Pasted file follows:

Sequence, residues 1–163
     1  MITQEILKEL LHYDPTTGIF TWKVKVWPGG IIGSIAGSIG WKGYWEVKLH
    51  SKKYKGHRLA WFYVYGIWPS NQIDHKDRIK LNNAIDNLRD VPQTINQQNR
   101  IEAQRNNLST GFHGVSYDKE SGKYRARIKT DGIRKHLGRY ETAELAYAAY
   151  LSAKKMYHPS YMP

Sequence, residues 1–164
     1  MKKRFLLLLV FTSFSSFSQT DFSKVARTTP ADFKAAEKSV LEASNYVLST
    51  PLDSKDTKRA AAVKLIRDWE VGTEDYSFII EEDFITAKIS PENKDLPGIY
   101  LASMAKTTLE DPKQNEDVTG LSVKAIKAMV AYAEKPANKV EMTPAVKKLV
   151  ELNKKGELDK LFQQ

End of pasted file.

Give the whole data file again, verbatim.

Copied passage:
Sequence, residues 1–163
     1  MITQEILKEL LHYDPTTGIF TWKVKVWPGG IIGSIAGSIG WKGYWEVKLH
    51  SKKYKGHRLA WFYVYGIWPS NQIDHKDRIK LNNAIDNLRD VPQTINQQNR
   101  IEAQRNNLST GFHGVSYDKE SGKYRARIKT DGIRKHLGRY ETAELAYAAY
   151  LSAKKMYHPS YMP

Sequence, residues 1–164
     1  MKKRFLLLLV FTSFSSFSQT DFSKVARTTP ADFKAAEKSV LEASNYVLST
    51  PLDSKDTKRA AAVKLIRDWE VGTEDYSFII EEDFITAKIS PENKDLPGIY
   101  LASMAKTTLE DPKQNEDVTG LSVKAIKAMV AYAEKPANKV EMTPAVKKLV
   151  ELNKKGELDK LFQQ